One danger of not understanding our own feelings is attributing them to others.

According to Encyclopedia Britannica: Projection is a form of defense in which unwanted feelings are displaced onto another person, where they then appear as a threat from the external world. A common form of projection occurs when an individual, threatened by his own angry feelings, accuses another of harboring hostile thoughts.

I saw this definition play out at work, yesterday.

My boss, Jan, asked Kathy about a recent sales call. I watched as my colleague’s face turned red. Kathy sputtered, “What do you mean? I just said that…” Kathy outlined the basic features of our product and ended with “I don’t know! What do you want me to say?”

“No, that sounded good,” Jan replied coolly. Kathy’s eyes narrowed. Did she realize she was scowling? “I don’t know what you expect me to say,” she repeated. Her gestures were sharp, pointed. I had never seen Kathy so angry in a meeting. Jan ignored the episode and continued with her agenda.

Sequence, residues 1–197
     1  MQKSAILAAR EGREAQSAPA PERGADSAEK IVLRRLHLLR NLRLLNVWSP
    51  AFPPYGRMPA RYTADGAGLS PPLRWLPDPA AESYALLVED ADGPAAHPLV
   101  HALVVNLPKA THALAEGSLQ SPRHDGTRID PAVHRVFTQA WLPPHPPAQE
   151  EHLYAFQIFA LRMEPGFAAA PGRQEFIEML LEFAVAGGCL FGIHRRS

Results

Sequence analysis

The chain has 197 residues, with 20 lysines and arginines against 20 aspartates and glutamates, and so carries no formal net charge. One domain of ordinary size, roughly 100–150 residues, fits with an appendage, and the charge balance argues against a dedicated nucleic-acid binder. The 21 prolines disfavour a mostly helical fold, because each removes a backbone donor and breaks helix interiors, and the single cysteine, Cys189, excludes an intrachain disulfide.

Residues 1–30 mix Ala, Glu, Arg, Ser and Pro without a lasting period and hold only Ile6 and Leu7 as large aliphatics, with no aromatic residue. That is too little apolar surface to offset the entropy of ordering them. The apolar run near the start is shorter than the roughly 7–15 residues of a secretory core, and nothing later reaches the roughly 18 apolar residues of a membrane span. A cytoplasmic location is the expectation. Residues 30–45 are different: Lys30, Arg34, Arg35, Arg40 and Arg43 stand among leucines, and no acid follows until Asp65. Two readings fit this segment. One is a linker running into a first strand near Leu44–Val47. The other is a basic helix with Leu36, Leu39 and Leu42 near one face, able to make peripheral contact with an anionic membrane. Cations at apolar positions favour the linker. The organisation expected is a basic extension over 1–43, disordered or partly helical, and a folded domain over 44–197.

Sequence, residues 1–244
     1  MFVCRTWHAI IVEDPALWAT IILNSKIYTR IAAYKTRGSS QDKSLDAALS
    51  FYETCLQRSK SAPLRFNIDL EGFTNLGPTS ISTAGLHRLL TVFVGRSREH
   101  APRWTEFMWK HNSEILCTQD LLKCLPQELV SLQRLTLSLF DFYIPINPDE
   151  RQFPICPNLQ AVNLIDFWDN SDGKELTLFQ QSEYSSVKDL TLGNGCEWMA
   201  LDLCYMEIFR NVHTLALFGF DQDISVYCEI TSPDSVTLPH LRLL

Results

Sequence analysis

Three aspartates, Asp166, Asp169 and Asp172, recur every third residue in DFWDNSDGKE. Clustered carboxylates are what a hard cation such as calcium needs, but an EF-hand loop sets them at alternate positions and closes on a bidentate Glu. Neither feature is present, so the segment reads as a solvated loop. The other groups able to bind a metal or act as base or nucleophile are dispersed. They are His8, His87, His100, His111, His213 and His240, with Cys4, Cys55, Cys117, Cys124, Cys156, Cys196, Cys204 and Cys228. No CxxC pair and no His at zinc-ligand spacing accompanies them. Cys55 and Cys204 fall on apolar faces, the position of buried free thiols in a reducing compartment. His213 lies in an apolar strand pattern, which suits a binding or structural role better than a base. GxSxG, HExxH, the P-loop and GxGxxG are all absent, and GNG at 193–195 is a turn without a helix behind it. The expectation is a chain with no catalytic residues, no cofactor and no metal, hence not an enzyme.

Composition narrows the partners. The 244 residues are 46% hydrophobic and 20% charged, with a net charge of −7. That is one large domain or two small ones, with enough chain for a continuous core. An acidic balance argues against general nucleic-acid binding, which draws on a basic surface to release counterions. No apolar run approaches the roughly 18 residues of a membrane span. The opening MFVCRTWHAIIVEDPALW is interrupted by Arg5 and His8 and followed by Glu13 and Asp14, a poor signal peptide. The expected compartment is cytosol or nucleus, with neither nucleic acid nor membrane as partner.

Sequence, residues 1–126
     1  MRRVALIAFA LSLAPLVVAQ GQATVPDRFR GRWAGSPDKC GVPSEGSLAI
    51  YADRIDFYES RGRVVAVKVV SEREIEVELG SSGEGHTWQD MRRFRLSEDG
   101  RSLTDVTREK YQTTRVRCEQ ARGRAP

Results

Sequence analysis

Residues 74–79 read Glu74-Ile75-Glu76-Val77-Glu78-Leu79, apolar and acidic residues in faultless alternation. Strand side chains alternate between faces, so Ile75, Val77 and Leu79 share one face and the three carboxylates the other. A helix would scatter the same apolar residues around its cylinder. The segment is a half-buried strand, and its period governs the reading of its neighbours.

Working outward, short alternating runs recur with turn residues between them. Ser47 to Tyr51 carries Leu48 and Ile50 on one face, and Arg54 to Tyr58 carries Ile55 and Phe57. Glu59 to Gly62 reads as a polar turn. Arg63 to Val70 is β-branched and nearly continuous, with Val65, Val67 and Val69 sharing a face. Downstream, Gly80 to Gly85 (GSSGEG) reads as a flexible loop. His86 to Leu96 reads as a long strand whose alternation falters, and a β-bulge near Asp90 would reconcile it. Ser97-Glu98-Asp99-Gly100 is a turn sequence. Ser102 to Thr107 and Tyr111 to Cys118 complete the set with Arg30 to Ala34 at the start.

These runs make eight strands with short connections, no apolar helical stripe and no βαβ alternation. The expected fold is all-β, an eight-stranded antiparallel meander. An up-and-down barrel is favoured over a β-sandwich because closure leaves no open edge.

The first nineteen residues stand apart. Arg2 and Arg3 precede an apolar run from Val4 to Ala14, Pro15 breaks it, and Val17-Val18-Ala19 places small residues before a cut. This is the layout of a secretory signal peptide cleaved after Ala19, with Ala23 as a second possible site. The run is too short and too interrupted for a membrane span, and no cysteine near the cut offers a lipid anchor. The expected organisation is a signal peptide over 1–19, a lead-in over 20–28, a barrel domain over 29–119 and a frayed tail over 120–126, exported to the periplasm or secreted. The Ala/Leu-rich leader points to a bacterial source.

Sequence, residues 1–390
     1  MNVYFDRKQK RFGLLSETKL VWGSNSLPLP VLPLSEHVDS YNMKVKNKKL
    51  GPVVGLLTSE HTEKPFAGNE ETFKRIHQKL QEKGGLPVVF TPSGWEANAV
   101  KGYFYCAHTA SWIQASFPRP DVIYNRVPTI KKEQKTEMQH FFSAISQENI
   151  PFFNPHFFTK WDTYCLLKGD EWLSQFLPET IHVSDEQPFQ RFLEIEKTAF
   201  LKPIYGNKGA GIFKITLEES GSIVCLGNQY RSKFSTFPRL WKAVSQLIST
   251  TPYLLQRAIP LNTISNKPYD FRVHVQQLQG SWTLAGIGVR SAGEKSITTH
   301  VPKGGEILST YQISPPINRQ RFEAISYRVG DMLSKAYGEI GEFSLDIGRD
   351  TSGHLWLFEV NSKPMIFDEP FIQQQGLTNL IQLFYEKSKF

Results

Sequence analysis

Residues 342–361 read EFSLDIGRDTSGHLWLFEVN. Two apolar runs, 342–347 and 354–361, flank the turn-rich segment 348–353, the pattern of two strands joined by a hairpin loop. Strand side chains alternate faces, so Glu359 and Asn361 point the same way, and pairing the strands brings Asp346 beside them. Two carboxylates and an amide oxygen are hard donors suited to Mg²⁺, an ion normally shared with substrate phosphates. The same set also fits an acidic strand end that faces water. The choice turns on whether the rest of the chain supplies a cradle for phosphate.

Afterwards, Kathy came into my office. “Did you see how angry Jan was?” I gave a vague, noncommittal answer. Jan had looked annoyed but it was Kathy who had seemed enraged.

In this case, Kathy was “projecting” her own anger onto Jan. Now, instead of understanding her own experience, Kathy has the added difficulty of fighting with her manager.

Emotional Intelligence begins with understanding (and accepting) our own emotions. If we can look honestly at ourselves, we can learn much about our desires, our fears, and our wounds. We may not always like what we see but such self-knowledge is the beginning of wisdom, and internal peace.